It is true that narcissists have a personality disorder, but are they mentally ill innocents who know not what they do?
How many times have you witnessed the two faces of your narcissist? How many times have you seen her behave entirely different, with different people, under the exact same circumstances? How many times have you seen her control her behavior when others are there to witness it, and then completely go off on you when no one is there to see it happen? The fact that she only acts out only when she thinks she can get away with it demonstrates the existence of choice.
How many times have you seen your narcissist pouring on the charm with someone he thinks is important, influential, famous, or wealthy? These people are the narcissist’s ideal. It doesn’t matter what the person’s morals or ethics are. Their position in life is the only thing that attracts the narcissist who believes that because he is unique and special he should only engage with other special, rich, or accomplished people. Narcissists are attracted to wealthy people, beautiful people, and successful people who they believe can benefit them in some way or who will enhance their self-image by association.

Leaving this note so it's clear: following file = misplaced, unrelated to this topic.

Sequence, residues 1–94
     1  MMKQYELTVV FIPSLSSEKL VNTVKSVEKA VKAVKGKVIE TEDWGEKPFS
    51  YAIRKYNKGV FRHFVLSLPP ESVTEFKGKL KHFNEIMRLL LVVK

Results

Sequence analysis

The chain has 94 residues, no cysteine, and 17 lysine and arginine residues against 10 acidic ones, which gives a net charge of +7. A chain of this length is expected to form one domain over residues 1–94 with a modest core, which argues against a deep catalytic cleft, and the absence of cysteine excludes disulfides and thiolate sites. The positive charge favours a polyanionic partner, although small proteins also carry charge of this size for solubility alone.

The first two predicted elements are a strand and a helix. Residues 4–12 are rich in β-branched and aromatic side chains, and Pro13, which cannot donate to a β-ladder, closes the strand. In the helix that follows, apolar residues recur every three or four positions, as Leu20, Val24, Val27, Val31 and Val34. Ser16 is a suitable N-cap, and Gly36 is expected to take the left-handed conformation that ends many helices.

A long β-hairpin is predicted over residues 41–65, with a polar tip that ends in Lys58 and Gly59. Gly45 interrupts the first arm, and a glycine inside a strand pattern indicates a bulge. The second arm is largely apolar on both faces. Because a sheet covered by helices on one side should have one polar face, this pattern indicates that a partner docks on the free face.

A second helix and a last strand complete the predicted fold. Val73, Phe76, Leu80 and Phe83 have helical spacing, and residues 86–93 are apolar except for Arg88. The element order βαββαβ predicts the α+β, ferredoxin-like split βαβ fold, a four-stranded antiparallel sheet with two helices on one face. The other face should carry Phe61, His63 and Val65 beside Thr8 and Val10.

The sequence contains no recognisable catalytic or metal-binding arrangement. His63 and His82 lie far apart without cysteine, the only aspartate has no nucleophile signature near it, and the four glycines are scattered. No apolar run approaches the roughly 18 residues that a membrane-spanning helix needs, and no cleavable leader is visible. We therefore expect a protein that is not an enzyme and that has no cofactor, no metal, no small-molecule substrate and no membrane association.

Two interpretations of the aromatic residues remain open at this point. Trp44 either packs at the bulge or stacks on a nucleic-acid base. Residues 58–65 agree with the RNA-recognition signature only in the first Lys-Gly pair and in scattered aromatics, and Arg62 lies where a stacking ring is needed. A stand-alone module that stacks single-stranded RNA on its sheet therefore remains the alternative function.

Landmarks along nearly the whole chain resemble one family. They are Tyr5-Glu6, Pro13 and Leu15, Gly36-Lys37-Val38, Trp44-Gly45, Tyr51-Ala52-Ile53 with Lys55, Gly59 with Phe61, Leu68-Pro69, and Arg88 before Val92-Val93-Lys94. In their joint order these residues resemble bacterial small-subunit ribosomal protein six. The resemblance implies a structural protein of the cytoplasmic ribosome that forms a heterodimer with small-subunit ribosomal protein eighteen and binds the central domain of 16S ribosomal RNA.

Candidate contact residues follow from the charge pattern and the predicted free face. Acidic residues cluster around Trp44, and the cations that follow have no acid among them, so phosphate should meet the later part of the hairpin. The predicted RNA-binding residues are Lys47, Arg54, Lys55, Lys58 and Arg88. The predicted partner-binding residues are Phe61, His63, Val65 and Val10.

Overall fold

And while the narcissist can admire these people, she is also envious of them and what they have that she does not. Narcissists are envious of everyone. They envy the fact that others have feelings. They envy others’ houses, education, marriages, children, station in life, careers. They especially envy the fact that others are happy. Making themselves feel better by making other people feel worse, reinforces their sense of omnipotence.
Narcissists do not feel remorse for the abuse they inflict on those closest to them. Have you ever told your abuser that he is hurting your feelings or expressed how badly he is making you feel? Have you ever asked him to stop treating you the way he does? Anyone who loves and cares about you would take your feelings into consideration, but not so for the narcissist. He sees your vulnerability the same way a lion sees a young gazelle. It provokes his predatory urges even more.